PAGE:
again I'm always planing for the worst that could possibly happen (and hoping for the best)

Is there some poison fish that you shouldn't eat?

Is september a good season to catch some trout or salmon?


Frank
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  #10  
Old 24 Aug 2008
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Originally Posted by frankkyboy View Post

Is there some poison fish that you shouldn't eat?

Frank
No, the cool arctic seawater keeps the bad guys away :-) The fish you get in lakes, rivers and in the sea are all eatable. In the lakes and rivers you are most likely to catch perch, trout and pike (pike needs some preparation though) + a couple of others I don't know the English word for. In the sea you'll most probably catch codfish, coalfish and perhaps the odd mackerel.

Quote:
Originally Posted by frankkyboy View Post

Is september a good season to catch some trout or salmon?

Frank
Legally you can fish all year round as long as you use only a rod (except for salmon and sea trout). I'm not much of a fisherman myself so I don't have the details regarding seasons for the different types of fish. If there are specific seasons for specific fish I'm sure you'll be informed when buying the local fishing license.
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Old 24 Aug 2008
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Be carefull about the moose and reindeer though.

My trip ended in Finland with a smashed up bike, a girlfriend with a broken wrist and lots of other problems after a moose ran out in front of me. This happened 2 months ago.

Funny thing is that moose are pretty shy and you dont see them often. We haden't seen any on the trip and were actually a bit sad about that (-:

In the north there are an incredible amount of stupid reindeer on the roads. they really don't get the concept of trafic, so be carefull.
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  #12  
Old 24 Aug 2008
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[QUOTE=frankkyboy;203607]Hello !

thank for your reply again...you make me consider an option that I've never thought before...fishing.. I have absolutely no experience in this, but there a beginning to all ....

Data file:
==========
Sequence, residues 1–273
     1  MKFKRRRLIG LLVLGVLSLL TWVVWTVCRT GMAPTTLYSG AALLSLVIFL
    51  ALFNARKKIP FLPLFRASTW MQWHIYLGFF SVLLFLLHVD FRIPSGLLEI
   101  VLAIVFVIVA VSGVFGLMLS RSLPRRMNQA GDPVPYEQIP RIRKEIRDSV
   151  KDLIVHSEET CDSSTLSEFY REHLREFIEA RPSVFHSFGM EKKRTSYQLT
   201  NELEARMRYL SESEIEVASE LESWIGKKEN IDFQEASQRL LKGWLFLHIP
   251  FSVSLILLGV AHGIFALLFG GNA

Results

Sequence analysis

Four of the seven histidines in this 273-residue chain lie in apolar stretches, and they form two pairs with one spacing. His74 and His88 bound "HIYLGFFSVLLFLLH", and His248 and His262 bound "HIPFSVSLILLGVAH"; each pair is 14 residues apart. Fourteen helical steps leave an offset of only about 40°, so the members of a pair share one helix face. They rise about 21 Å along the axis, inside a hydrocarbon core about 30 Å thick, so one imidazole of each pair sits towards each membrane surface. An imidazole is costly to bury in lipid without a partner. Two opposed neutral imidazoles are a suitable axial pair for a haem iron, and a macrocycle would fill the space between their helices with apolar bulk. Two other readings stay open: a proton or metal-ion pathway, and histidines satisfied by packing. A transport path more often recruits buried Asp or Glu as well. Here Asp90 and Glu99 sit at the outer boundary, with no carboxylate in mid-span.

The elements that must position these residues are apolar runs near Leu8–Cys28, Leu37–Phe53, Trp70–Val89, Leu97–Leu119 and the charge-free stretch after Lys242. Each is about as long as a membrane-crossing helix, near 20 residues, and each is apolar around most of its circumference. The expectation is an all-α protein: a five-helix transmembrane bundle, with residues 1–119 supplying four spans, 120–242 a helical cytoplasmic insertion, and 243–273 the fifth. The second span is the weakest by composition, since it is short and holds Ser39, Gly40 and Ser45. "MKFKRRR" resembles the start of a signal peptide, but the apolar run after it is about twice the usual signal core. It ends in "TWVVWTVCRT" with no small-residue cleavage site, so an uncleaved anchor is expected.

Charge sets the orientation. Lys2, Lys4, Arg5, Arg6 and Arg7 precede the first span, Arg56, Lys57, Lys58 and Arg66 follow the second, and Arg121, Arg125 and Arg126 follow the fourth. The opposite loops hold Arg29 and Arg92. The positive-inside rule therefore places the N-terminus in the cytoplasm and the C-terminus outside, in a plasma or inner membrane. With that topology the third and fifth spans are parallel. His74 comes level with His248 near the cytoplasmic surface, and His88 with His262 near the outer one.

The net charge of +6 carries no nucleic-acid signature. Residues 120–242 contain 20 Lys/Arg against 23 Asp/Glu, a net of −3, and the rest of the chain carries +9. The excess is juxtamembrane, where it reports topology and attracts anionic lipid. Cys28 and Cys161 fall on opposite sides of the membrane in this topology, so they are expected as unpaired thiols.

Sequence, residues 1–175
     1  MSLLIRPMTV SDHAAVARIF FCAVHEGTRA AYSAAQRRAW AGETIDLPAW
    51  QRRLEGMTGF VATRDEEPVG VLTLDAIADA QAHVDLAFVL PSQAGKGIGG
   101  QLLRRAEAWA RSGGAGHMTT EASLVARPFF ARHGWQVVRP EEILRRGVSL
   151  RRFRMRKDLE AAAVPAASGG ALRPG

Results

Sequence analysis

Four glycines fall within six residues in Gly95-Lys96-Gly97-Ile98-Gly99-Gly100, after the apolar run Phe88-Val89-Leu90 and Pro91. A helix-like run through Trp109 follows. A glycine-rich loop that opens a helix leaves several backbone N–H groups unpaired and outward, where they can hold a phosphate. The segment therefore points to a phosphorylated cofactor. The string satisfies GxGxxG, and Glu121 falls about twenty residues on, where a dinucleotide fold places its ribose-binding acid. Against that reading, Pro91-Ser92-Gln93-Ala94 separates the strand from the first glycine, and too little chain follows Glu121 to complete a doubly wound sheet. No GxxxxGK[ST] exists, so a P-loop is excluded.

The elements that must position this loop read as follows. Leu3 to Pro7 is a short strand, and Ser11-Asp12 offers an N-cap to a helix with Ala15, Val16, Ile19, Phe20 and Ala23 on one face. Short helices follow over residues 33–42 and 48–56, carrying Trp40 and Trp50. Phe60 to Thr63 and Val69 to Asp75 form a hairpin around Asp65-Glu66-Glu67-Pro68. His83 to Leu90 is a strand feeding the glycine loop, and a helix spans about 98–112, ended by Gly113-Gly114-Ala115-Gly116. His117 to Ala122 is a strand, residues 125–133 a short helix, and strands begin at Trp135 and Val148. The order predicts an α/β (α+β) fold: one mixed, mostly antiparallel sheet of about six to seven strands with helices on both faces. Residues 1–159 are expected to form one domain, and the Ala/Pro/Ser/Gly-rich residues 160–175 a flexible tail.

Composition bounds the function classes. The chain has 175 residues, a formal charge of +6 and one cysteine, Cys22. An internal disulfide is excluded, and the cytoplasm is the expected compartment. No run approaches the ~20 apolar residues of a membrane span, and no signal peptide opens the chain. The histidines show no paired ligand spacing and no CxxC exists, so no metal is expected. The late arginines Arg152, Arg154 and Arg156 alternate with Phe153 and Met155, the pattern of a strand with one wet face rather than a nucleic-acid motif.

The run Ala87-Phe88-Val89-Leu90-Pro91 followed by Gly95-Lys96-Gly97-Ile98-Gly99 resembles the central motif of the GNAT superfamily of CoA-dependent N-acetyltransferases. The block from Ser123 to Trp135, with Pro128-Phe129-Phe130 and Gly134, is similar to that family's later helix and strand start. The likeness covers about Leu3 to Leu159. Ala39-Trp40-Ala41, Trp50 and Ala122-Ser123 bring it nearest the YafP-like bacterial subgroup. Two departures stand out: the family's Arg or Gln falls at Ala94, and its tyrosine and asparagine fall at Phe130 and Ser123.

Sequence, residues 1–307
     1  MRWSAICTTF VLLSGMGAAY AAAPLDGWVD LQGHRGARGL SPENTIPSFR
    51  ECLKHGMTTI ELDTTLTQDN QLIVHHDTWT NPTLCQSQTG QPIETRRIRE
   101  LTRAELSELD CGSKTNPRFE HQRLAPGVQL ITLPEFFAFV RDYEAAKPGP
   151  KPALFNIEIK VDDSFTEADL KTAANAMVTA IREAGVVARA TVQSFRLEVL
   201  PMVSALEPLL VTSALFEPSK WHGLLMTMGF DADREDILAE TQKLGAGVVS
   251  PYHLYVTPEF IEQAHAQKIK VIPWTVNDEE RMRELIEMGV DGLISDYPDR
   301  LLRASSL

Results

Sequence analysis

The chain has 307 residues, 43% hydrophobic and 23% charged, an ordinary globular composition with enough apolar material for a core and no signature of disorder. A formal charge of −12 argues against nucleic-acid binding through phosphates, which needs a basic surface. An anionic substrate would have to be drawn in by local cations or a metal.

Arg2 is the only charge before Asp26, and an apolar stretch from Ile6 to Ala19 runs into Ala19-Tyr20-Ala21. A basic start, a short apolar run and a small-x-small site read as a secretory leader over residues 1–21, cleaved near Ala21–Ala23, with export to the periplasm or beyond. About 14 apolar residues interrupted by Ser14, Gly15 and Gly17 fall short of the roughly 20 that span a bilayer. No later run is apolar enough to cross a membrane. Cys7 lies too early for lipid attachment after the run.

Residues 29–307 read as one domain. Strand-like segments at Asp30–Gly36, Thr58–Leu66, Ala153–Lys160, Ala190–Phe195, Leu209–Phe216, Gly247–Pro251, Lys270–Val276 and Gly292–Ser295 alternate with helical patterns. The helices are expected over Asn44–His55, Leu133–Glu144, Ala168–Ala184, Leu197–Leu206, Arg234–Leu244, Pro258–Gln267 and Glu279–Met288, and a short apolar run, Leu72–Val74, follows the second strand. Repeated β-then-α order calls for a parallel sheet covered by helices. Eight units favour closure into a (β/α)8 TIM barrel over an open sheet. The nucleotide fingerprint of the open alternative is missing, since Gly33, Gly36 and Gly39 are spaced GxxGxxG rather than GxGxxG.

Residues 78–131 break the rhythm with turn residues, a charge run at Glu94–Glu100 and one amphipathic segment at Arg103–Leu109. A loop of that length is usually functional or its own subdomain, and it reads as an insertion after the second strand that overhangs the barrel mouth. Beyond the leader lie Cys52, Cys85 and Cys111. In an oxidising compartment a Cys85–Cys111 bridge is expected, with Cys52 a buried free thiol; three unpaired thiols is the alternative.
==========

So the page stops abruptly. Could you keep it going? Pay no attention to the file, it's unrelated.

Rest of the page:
again I'm always planing for the worst that could possibly happen (and hoping for the best)

Is there some poison fish that you shouldn't eat?

Is september a good season to catch some trout or salmon?


Frank[/QUOTE/

Polar bears? Poison fish? whatever will you think of next?
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Old 25 Aug 2008
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Originally Posted by Caminando View Post

Polar bears? Poison fish? whatever will you think of next?

mmmmmmm........ What about Aliens abduction ?



p.s. Thank you again for the reply before

Frank
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  #14  
Old 25 Aug 2008
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Wild life in Norway

Hi Frank, please don't worry about bears, wolves or poisonous snakes. You will be very lucky to see any of them. On the other hand, we do have some creatures who will be very happy to see you - our mosquitos (mygg) and ticks (fl├ątt). They can be a real pest, and some ticks can give you a nasty illness (borrelia or Lymes disease).
Above mentioned elk, deer, reindeer, cattle and sheep on the road are a real danger. keep your speed down and enjoy the scenary. There is no logic to their behavior, should you encounter one (or more) steer behind the animal, they tend to run foreward rather than turn, but there are no garantees.
Part of the experience of biking in Norway is wild camping, see Ali Babas impressive Norway guide. I assume you are from an urban area in Canada, maybe you could train a bit in your own wilderness to find what works for you.
Hope you enjoy your trip to Norway

Peter, Oslo

"Too much of a good thing....is just wonderful" Mae West
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  #15  
Old 25 Aug 2008
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correction

correction to above message. The guy who has made the impressive guide to budget-travel in Norway is called Indu. Check it out. Ali Baba is a very knowledgable fellow, but didn't do the travel info.
Peter, in Oslo